I’ve just received the review for Bridge Across the Ocean I commissioned from BookLife, a service provided to authors by Publishers Weekly magazine. Needless to say, I’m sharing this advance review to interest you in reading my novel about bicycling, innovation, Taiwan, business espionage and falling in love. It’s going to be published by Brilliant Light Publishing on September 14, 2021. (The website will be up in about two weeks.)
I’ll be giving away five autographed copies on publication day. If you’re interested in having one, all you have to do is join my mailing list. Just hop on my website, JackBoston.com, and scroll to the bottom of the home page. It’ll take you 60 seconds or less. I’ll send a new blog each week. I’ll never ever spam you.
Thank you! I hope you’ll share my excitement about publishing my new novel.
Ex-counterintelligence officer Jed Smith and his partners at the New Hampshire-based Smithworks bicycle company have invented the Spinner, a revolutionary new bicycle drive. In the hopes of securing a groundbreaking deal, they travel to Taiwan to meet with Joyful Bike, a major manufacturer—but unfortunately they attract the attention of Japanese “information worms,” freelance corporate spies intent on stealing industrial secrets. Now the Smithworks team’s time in Taiwan is split between navigating Chinese culture and business protocol, and attempting to outwit their pursuers long enough to close the deal. Meanwhile, Jed falls for Joyful Bike’s attractive director of business development, Lai Jung-Shan, though a relationship between the two seems unlikely to succeed.
Rochester’s story is part thriller, part love letter to bicycling, and it’s clear he’s writing from a position of intimate knowledge and passion, as convincing atmosphere and minute detail color every page. He also brings that precision and thoroughness to the presentation of Chinese culture, etiquette, manners, and setting, immersing readers in the atmosphere and imagery along the way. While this verisimilitude is one of the story’s strengths, it also slows down the pacing, threatening to overload the reader with information and at times diminishing the focus on the heart of the narrative, which is the characters.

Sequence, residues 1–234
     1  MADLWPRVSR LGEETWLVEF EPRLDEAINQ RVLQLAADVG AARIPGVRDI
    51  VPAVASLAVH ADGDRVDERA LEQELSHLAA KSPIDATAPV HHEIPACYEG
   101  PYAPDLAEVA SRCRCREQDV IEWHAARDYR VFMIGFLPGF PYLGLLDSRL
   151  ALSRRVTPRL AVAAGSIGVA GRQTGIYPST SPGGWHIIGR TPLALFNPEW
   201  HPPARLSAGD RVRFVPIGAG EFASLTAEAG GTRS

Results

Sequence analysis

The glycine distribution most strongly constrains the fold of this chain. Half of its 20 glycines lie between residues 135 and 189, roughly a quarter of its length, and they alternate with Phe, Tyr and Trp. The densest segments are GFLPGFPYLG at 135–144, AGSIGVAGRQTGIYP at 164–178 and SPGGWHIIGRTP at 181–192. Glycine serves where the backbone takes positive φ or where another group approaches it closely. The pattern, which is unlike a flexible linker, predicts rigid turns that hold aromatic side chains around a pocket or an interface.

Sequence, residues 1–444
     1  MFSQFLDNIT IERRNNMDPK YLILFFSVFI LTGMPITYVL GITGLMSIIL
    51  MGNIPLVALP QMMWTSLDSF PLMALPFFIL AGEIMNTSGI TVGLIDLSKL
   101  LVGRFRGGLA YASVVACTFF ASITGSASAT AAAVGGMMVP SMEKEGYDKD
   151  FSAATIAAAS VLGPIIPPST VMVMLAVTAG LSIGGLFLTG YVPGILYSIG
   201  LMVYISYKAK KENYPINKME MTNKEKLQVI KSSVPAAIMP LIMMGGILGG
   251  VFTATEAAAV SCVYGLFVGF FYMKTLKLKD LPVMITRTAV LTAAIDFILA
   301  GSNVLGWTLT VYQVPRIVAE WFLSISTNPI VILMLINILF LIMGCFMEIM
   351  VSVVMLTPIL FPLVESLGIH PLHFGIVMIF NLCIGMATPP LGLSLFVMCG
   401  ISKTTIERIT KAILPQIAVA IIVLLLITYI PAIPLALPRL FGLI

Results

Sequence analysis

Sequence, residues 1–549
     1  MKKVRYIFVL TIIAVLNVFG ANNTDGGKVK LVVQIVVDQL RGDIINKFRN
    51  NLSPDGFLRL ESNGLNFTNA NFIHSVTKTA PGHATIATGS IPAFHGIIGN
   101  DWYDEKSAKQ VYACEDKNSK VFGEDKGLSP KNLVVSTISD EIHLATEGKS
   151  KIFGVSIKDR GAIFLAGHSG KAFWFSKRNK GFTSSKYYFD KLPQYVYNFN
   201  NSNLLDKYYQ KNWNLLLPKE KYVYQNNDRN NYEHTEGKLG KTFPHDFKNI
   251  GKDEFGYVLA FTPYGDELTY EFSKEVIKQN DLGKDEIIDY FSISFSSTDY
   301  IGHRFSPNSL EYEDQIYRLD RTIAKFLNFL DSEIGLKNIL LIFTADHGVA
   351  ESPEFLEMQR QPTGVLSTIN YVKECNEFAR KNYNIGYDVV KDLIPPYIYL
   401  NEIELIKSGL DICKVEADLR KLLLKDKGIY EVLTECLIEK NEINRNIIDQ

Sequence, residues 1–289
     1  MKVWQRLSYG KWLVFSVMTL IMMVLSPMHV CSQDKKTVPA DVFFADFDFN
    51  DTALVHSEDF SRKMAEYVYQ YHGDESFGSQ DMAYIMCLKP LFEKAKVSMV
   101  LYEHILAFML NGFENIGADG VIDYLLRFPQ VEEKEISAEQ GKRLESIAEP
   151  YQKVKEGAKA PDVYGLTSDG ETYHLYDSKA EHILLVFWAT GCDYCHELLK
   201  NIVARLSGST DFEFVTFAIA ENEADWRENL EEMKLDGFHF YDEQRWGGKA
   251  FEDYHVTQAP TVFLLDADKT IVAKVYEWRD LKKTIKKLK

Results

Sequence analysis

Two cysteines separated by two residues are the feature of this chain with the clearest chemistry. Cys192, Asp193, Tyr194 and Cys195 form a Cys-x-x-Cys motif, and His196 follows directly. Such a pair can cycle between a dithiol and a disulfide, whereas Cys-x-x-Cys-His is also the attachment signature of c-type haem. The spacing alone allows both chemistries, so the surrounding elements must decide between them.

The information worms subplot, meanwhile, offers a strong hook, though the would-be thieves ultimately prove more of a nuisance than a true threat, with authorial intent breaking through to warn readers of the dangers of IP theft and corporate espionage. Meanwhile, Jed’s emerging connection to Jung-Shan as they navigate the opening stages of a relationship is enjoyable and natural, though there’s a subtle tendency to overly romanticize and exoticize Jeb’s attraction to the Taiwan-born woman, including his thinking of her as “inscrutable,” a term that has often been used by western writers to stereotype Asians. Despite these shortcomings, the overall story is engaging and smoothly told, and will interest cycling enthusiasts and readers fascinated by international business and real-world espionage.
Takeaway: A thriller with a human element, which will appeal to readers who appreciate bicycling and Chinese culture.
Great for fans of: Evan Osnos’s Age of Ambition: Chasing Fortune, Truth, and Faith in the New China, Dave Eggers’s A Hologram for the King.
Design and typography: A
Marketing copy: B+